BACKGROUND: The presence of antibodies to CTLA-4, a negative regulator of T-cell activation, was investigated in multiply transfused patients with malignant and nonmalignant hematologic diseases. A previous study showed that, in multiply transfused patients, an immune response against nuclear matrix proteins can be induced by WBCs undergoing apoptosis during RBC unit storage. This study evaluated whether the same phenomenon could be involved in the induction of CTLA-4 antibodies in the patients analyzed. STUDY DESIGN AND METHODS: Patient sera were tested for binding to the recombinant full-length CTLA-4 β-galactosidase fusion protein by an ELISA. Immunofluorescence stainings were performed to analyze the CTLA-4 epitopes recognized by the antibodies and to detect such epitopes in the apoptotic cells present in the RBC units. RESULTS: CTLA-4 antibodies were found in multiply transfused patients with β-thalassemia (40%) and with other hemolytic diseases (33%) including leukemias (42%). A higher incidence of CTLA-4 antibodies was found in patients receiving non-WBC-reduced blood (88%) than in those receiving WBC-reduced blood (26%). Immunofluorescence staining showed that WBCs undergoing apoptosis in the RBC unit expressed CTLA4 epitopes. CONCLUSIONS: The apoptotic WBCs present in the RBC units, after cold storage, express CTLA-4 epitopes. These epitopes can be released and induce formation of CTLA-4 antibodies with profound implications in the development of autoimmune disorders and in facilitating tumor dissemination and metastasis.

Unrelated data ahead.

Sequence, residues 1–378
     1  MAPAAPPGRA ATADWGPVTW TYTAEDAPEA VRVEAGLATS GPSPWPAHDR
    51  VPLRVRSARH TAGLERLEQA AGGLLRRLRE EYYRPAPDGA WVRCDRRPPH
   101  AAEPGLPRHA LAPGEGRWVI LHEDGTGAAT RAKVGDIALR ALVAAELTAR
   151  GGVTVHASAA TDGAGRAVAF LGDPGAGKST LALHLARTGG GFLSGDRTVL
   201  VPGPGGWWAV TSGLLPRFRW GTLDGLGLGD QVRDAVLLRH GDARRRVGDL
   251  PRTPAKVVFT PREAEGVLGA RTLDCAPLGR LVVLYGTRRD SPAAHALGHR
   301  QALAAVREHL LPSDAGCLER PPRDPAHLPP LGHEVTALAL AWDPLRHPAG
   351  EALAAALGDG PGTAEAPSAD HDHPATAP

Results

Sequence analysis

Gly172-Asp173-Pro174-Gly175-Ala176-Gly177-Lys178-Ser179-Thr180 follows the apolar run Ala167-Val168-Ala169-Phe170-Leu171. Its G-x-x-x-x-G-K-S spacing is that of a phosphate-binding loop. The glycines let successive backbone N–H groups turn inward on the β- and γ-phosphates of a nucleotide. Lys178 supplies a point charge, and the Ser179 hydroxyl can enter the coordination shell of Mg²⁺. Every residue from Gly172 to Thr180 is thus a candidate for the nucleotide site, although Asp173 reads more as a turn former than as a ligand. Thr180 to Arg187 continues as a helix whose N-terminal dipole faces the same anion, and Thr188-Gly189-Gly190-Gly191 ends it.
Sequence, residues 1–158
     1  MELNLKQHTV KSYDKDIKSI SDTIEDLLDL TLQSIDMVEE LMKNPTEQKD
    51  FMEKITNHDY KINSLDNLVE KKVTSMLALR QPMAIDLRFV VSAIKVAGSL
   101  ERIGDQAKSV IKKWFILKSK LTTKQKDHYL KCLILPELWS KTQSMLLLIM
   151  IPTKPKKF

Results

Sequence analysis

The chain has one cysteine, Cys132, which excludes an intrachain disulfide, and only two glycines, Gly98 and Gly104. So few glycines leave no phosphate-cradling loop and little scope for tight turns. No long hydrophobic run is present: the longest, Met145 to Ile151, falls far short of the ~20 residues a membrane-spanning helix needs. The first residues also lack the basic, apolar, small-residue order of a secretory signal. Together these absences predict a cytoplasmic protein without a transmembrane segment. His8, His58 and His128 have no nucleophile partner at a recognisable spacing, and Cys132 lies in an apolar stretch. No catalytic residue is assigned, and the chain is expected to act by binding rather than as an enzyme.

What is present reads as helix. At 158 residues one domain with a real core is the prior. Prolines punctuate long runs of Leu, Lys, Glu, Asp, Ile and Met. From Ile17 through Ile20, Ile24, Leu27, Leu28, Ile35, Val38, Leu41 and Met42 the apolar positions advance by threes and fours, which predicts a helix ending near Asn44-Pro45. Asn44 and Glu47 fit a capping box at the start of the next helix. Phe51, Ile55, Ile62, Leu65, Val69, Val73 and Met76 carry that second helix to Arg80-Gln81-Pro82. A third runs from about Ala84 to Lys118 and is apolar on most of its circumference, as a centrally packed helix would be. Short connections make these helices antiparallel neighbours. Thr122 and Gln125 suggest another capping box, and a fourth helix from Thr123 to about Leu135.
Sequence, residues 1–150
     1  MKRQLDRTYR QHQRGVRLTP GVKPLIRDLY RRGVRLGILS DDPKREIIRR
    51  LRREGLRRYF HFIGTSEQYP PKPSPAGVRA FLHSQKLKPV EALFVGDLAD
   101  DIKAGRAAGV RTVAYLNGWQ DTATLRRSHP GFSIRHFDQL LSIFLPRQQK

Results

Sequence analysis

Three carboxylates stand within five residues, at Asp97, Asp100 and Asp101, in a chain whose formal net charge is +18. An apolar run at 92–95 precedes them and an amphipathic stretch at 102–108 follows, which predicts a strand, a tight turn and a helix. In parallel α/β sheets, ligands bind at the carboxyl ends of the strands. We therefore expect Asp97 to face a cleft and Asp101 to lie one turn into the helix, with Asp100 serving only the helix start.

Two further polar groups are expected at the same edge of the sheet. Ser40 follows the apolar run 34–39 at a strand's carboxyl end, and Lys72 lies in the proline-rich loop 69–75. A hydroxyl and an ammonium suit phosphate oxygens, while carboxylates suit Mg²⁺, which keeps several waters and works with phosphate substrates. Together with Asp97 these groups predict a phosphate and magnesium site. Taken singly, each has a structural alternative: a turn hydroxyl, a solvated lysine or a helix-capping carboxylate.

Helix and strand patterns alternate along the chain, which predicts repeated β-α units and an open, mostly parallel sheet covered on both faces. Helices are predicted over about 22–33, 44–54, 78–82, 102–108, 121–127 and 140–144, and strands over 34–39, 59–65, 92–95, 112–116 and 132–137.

|Number of pages||8|
|Publication status||Published - 2001|
ASJC Scopus subject areas